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Please use this identifier to cite or link to this item: http://hdl.handle.net/123456789/1629

Title: Educational and aesthetic values of “Tsiamitiwo” (spokesman’s/linguist staffs) from Abutia traditional area
Authors: Morkporkpor, Kofi Dziedzorm
Issue Date: 8-Nov-2005
Series/Report no.: 4044;
Abstract: The study seeks to have a glance at the historical background of the people of Abutia, the beliefs as well as the origin and symbolism of their Tsiamitiwo. A section also visits the meaning of the symbols and their importance to the chiefs, Tsiamiwo, Abutiawo as well as Ghanaians. The focus of this essay is also to instill in both the younger and older generation an aspect of the Ghanaian culture and for that matter that of Abutiawo. It aims also to uncover and serve as reference material to teachers, students and all Ghanaians so as to enhance the teaching and learning processes. The researcher restricted himself to the use of the staffs by the chiefs in Abutia Traditional Area with special reference to Teti, Agove and Kloe respectively. The research design used in the study was the qualitative method. It involves the description, recording, analysis, and interpretation of conditions that exist. The data collecting instruments the researcher used in this study were questionnaire. interview and observation to solicit the knowledge of respondents. Some major findings were that: The younger generations are not prepared/interested to learn some of these things from the elderly and knowledgeable ones in their communities. The traditionalists have the information but were chiefly transmitted orally from generation to generation and have not been documented for the younger generations to learn. Almost all the Tsiamitiwo were collapsible and joined/fitted together with a simple tenon and mortise joint some of which are screwed. Almost all the staffs were made of wood and decorated/covered with representational/geometric shapes. Some of the recommendations made were that: Other researchers or writers should research more into the other ethnic groups of Ghana than the Akans. The people of Abutia should do away with superstitions and reveal/release relevant information for the promotion of the Ewe culture where the need arises. Again, seminars, symposia workshops and photographic exhibitions should be organized periodically (especially festive times) to acquaint artists and the general public of most recent research findings. Besides film/video documentation could be properly utilized in both training of Art educationists and teaching in the institutions of learning.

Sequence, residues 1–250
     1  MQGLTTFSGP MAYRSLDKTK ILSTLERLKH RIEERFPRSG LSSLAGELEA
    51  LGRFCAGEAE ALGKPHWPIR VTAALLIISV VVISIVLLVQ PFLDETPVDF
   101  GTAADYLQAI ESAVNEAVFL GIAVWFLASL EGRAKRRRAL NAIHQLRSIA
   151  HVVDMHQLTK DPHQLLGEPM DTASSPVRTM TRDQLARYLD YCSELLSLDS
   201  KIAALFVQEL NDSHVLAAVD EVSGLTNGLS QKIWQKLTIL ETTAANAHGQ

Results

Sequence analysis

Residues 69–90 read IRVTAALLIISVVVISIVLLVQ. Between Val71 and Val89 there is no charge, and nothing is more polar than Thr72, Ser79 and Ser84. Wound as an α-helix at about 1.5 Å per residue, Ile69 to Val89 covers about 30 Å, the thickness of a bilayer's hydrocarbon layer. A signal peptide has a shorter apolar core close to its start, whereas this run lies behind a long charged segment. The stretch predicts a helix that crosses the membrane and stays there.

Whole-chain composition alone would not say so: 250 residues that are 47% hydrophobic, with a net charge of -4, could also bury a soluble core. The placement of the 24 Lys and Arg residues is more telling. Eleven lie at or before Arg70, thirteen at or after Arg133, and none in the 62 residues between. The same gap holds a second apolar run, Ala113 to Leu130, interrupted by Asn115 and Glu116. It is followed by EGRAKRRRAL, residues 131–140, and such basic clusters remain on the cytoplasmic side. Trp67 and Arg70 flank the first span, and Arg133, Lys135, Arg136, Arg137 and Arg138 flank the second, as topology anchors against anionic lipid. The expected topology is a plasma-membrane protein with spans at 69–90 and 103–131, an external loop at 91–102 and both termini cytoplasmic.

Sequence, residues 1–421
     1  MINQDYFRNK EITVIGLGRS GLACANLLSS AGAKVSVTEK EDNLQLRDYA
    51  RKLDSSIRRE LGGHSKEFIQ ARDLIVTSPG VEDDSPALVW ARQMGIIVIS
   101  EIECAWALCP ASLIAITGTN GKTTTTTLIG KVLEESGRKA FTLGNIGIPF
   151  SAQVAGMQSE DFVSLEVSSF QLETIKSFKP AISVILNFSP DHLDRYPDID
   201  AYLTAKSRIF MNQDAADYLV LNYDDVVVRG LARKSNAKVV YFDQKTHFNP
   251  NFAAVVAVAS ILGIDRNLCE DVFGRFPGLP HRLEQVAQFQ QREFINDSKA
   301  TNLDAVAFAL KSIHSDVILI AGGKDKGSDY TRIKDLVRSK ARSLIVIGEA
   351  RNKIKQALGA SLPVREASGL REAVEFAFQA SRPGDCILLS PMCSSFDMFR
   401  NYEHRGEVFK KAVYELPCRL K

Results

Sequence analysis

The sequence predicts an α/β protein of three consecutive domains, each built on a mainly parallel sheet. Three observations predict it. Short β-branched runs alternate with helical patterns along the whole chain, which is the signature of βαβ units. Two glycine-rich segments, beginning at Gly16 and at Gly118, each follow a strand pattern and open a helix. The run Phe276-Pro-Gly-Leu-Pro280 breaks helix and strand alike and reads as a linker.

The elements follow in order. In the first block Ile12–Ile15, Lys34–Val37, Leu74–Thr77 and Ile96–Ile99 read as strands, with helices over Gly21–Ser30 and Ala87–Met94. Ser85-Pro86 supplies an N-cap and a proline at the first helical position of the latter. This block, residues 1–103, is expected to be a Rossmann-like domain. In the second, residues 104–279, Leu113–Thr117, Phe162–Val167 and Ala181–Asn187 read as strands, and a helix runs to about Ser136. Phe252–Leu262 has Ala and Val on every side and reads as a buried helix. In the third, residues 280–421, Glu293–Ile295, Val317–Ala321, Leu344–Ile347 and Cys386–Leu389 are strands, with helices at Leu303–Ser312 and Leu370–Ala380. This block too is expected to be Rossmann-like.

Description: A thesis submitted to the College of Arts and Social Sciences in partial fulfilment of the requirements for the degree of Master of Arts, 2005
URI: http://hdl.handle.net/123456789/1629
Appears in Collections:College of Arts and Social Sciences

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